Washington State is home to three species of moles. The moles that are most commonly seen causing a problem to your landscape however are the Townsends mole and the Pacific mole. Both of these species can cause serious damage to home landscapes.
The largest of the North American moles, Townsend moles get their name from the American naturalist, John Kirk Townsend. They are fossorial mammals in the Talipdae family. Fossorial mammals are those adapted to digging and who primarily live underground. This species of moles prefer deep loamy soil which is a mix of sand, silt, and clay. They often occupy river floodplains, meadows, hayfields, pastures, residential lawns, prairies, and some areas of forests. They are a purplish-gray to almost black color that hints at a metallic appearance with males being larger in size. Their fur is short and their bodies are cylindrical and streamlined to aid in their underground movement. Their shovel-like paws make it easy for them to dig.
Also known as the coast mole, this mole is typically found in forested or open areas with moist soil. Unlike the Townsend mole, the Pacific mole actually has a tale that is one-fourth the length of its body and is predominantly black. Though it is a fossorial animal this species is not restricted to living solely underground. If needed they will scavenge for their food sources which include earthworms, earthworm eggs, slugs, insects, and larvae. Oftentimes, the tunnels they dig are in correlation to higher density levels of earthworm activity.
The most obvious sign that you have moles in your yard is molehills. When moles dig underground they move all the dirt from their tunnel systems to the surface which is also their entry and exit points. These mounds will consist of chunks of dirt or clumps of soil that are roughly six feet apart from one another.
Of course, as moles move along these tunnel systems they tend to create other problems for homeowners in the pursuit of their underground digging. Dead patches of grass or plants can be one result of mole activity as the disruption of any plant’s root systems is disturbed leading to dead plants or dead patches of grass.
Moles can be extremely difficult and frustrating to deal with. They construct intricate tunnels that run underground making them hard to catch. The most effective way to deal with them is to prevent them from becoming a problem in your yard in the first place. As with most animals, moles are always looking for a food source. By eliminating their food source they are less likely to be attracted to your yard. This can be a bit tricky since they eat insects and grubs but you can cut down on the insect and grub population by using earth-friendly products around your yard. Moles also dislike florals in the allium family. Flowers such as marigolds and daffodils work as repellents for moles.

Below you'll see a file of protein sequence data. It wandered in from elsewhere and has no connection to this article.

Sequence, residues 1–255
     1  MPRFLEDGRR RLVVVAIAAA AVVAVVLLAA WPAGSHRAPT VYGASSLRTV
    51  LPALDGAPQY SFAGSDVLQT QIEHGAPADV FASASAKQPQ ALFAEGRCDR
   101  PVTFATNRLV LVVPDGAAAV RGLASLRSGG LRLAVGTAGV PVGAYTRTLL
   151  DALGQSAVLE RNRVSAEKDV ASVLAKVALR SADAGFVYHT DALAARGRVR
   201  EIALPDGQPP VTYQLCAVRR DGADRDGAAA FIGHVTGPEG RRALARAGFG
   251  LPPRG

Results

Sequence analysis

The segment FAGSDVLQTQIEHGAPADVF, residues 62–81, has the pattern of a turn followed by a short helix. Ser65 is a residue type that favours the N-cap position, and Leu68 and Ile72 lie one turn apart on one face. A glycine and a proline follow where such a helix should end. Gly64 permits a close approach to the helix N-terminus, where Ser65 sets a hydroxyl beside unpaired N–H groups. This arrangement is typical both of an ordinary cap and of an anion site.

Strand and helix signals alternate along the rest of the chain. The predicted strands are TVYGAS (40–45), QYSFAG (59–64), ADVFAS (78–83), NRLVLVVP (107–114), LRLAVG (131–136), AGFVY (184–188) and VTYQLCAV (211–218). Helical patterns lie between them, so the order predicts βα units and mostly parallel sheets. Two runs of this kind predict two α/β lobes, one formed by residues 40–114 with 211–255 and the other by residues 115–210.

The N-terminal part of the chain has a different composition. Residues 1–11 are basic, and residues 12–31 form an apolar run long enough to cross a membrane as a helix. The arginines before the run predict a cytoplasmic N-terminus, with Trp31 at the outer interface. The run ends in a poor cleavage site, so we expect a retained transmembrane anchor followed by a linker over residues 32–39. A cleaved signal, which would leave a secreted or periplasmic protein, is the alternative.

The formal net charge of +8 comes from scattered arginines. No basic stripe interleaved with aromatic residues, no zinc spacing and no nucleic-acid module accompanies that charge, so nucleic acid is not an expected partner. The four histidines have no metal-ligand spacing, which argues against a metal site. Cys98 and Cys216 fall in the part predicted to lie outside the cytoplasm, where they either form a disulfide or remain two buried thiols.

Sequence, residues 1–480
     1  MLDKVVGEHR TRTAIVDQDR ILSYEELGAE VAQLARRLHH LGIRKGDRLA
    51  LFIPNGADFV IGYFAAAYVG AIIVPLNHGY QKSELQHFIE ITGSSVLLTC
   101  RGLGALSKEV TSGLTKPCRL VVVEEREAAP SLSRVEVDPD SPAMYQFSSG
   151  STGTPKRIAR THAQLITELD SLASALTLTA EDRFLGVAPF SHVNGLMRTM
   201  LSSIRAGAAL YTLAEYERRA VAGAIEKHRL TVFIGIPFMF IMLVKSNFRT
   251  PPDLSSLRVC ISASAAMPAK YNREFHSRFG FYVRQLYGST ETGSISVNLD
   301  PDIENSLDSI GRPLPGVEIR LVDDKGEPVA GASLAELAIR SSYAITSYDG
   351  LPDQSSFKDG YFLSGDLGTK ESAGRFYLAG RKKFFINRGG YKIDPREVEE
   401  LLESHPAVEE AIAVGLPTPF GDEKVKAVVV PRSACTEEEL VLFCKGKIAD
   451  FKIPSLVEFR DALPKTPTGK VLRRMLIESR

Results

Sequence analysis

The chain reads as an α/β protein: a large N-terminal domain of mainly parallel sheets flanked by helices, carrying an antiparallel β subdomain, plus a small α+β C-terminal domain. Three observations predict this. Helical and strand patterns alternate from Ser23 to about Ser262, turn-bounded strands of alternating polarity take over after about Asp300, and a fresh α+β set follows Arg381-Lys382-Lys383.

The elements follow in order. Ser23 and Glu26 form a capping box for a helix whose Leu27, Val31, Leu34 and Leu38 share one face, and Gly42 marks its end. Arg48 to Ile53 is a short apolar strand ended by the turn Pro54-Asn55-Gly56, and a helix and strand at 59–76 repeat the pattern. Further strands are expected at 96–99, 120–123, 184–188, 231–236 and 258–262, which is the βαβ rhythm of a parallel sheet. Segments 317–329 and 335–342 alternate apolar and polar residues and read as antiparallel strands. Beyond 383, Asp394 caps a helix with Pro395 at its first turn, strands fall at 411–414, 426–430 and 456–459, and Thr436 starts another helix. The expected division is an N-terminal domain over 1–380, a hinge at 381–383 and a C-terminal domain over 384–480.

Moles also have a dislike for activity. They prefer calmer environments where they will not be bothered. High pitch sounds are off-putting for them so purchasing a sonic spike that will radiate electronic pulses can have them turning the other way. Lastly, digging trenches around areas you want to keep moles out of is another option in prevention. By digging at least 2 feet deep and six inches wide you can create a perimeter around the space that you want to protect and fill it in with rocks to create a landscaped looked that serves a multi-purpose.
Keep in mind that moles are not in the same family as rats and mice. Though they are often perceived this way moles are actually quite separate in nature from their rodent friends. However, they can be just as destructive. If you think you have a mole in your yard or more than one mole you may just want to contact your local pest control service to see what options you have before they completely excavate your yard.